As the first major drought and famine of the 21st century threatens 11.6 million people in the Horn of Africa, Week of Compassion has responded, utilizing our relationships with trusted partners Church World Service and the ACT Alliance.
As you have likely noticed in scant media coverage of the region, the drought situation in the Horn has reached crisis levels. According to USAID, some 2.85 million people currently require humanitarian assistance in Somalia.
Unprecedented numbers of Somalis are crossing borders into neighboring countries. In June alone, more than 55,000 people fled across the borders into Ethiopia and Kenya--three times the number of the preceding months. Thousands of people are taking huge risks every day to walk hundreds of miles, hoping to reach the safety of refugee camps and feeding centers. They are being forced to make appalling choices, including leaving weak and disabled loved ones on the road to certain death. Famine is expected to be declared throughout the entire southern Somalia region within days.
CWS and ACT Alliance implementing partners Norwegian Church Aid (NCA) and Lutheran World Federation (LWF) are taking the lead in our shared response in the region. NCA’s work is featured in the video above. The following dispatch from ACT communicator John Davison highlights LWF’s emergency and post-emergency programs at three of the border camps at Dadaab, which currently house some 358,000 refugees, with more arriving daily. Your generosity makes this response possible.
The day begins early for Soraya Musau at Dagahaley refugee camp.
She is out of her tent by 5 AM, waking her staff for another demanding day. By this time newly arrived refugees from Somalia have already begun to gather outside the gates of the compound, seeking food, water, basic necessities – and hope.
The camp is one of three in the Dadaab complex in eastern Kenya. Dagahaley is now receiving the most new refugees – on some days more than the other two camps combined. The highest figure at Dagahaley alone was 1536 in one day, while the total for the three camps has reached more than 60,000 since the refugee emergency was declared on June 6.
Welcoming new arrivals
The crowds are mostly patient and quiet as they wait to enter the reception centre. Some carry bundles of belongings. Many have nothing but their children. All are hungry and exhausted after a journey from Somalia that can take more than three weeks on foot.
For Soraya and her 11 staff, the task is a daunting one.
In the next few hours, all these people have to be guided through the newly-constructed reception centre. Their names will be recorded by government officials. Everyone will be given a colored and numbered wristband, entitling them to food for 21 days and a selection of other goods, such as jerry cans for water, cooking pots, sleeping mats and other essentials to ensure their immediate survival.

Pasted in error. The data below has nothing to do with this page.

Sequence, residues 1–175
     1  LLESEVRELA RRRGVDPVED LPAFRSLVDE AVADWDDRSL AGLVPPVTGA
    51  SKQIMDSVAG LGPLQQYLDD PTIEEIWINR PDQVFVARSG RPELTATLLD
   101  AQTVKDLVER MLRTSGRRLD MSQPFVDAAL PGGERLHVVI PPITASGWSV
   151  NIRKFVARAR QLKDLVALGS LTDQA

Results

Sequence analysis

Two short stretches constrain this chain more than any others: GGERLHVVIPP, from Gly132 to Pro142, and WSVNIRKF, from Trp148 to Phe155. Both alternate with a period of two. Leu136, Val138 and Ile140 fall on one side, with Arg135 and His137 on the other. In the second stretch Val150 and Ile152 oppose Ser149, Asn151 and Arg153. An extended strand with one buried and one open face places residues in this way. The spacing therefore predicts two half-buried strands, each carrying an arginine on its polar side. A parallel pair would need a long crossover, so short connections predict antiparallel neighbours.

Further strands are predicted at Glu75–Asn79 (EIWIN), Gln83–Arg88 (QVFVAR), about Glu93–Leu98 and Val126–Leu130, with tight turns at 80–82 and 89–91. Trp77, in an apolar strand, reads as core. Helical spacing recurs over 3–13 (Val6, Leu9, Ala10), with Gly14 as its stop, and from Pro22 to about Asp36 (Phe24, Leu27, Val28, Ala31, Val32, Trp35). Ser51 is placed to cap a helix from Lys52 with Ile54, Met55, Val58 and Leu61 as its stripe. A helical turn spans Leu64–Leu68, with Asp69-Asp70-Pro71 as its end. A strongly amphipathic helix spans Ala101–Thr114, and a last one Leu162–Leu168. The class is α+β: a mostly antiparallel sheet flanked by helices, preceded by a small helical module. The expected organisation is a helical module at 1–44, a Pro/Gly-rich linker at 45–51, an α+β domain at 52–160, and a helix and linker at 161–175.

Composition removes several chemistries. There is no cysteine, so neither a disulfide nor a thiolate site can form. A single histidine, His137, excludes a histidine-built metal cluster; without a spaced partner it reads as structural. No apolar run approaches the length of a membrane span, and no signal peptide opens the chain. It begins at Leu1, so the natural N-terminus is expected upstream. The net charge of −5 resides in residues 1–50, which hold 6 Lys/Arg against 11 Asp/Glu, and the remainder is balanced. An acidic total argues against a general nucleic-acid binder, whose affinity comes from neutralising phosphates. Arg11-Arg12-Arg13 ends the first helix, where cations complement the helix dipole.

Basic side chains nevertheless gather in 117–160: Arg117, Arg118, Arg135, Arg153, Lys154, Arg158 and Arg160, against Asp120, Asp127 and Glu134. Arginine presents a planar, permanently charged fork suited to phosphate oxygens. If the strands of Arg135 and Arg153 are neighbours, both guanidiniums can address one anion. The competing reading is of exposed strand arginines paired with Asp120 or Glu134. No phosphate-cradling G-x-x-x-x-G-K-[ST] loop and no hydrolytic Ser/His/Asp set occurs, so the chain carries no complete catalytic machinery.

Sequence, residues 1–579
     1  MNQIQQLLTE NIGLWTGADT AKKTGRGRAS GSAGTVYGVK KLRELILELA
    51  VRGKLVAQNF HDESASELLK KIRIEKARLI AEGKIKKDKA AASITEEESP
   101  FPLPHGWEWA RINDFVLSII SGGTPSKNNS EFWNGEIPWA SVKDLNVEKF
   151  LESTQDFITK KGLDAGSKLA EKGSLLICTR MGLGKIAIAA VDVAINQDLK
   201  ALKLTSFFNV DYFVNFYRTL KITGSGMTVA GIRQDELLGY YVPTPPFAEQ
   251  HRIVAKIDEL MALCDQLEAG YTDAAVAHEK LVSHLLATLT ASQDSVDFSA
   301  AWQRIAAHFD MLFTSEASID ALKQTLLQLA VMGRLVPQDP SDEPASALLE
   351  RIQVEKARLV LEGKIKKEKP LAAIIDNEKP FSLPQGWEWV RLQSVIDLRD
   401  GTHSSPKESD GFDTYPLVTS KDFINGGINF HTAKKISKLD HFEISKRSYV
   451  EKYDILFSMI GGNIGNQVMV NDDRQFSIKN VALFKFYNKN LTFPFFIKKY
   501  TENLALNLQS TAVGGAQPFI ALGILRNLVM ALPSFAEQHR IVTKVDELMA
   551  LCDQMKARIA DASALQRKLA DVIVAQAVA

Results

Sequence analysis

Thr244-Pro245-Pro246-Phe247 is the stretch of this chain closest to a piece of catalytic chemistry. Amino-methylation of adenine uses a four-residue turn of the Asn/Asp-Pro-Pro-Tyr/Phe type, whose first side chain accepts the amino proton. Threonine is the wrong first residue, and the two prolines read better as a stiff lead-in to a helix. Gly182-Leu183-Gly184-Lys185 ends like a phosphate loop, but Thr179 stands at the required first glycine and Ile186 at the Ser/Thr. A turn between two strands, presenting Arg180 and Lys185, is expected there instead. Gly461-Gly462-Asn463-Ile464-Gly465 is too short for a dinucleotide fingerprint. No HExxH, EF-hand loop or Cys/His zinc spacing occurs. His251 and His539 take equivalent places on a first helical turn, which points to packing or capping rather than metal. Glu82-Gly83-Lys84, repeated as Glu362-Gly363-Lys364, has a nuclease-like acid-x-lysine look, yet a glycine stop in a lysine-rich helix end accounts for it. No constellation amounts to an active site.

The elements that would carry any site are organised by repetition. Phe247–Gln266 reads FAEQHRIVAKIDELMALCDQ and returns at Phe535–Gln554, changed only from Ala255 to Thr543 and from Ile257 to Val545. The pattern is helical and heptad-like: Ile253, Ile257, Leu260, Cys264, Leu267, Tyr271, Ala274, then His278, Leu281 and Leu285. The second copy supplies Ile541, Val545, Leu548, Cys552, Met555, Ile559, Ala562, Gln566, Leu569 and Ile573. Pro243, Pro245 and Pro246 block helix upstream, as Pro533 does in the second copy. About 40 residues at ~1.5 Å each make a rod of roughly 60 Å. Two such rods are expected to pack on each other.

Their children also will be inoculated and receive milk, shoes and clothing donated by the local Muslim community, complementing the aid donated by the international community.
The first task of the team, however, is to quickly identify the most vulnerable people in the crowd: unaccompanied children, those with an old person, or someone with a disability. They are brought to the front to begin the process first.
The remaining crowd is then divided by family size, with the largest going first. Men on their own go through last, many impatient to be reunited with their wives and families who traveled before them from Somalia.
It is a long, tiring, dusty process for all involved. And it is a process that is replicated by staff at the other two camps of Ifo and Hagadera.
Tempers do occasionally fray, but most of the refugees seem to lack the energy for any form of confrontation. Soraya has only one security person in her team to help with crowd control, although there is a big security presence in the reception centre itself.
After eight weeks of this punishing routine, where the day can go on until 11 PM, all the effort is taking its toll.
“Both myself and the staff are really worn out,” says Soraya, the day before reluctantly leaving for a well-earned week’s break at home. “But I really don’t want to leave my centre.”
One incident in particular has made a great impact on her. On June 30 riots broke out among the new arrivals outside Dagahaley. Two people were shot dead by police and a further 18 injured. The staff was evacuated and the reception centre remained closed for two days. But these inevitable procedures had tragic consequences.
“A family had travelled for 22 days and arrived at 4 AM. But one of their children died in the night: a one-and-a-half-year-old girl. When I woke up and found that, it was heartbreaking,” says Soraya.
But she adds that they have to carry on and remain functional, otherwise they are of no use to the refugees.
“A case like that really shakes you. But on that day 1318 people came, so you didn’t have the time to respond emotionally,” says Soraya. “At the end of the day you do recall and recount what you have seen. It’s what makes you get up at 5 AM.”
In the midst of tragedy, we give thanks not only for the ecumenical relationships that make such responses possible, but also for your support and partnership. These efforts to bring relief and offer long-term solutions to those suffering are a testament to your hope and generosity. If you wish to reach out in Courageous Compassion, please consider contributing here.
For more reports from East Africa, please follow this link.
This Week's Responses
Disaster Relief and Emergency Assistance
New Zealand, earthquake
New Hampshire, resettled refugee assistance
South Korea, mudslides
North Carolina, church fire
Long-Term Recovery and Rehabilitation
China, water project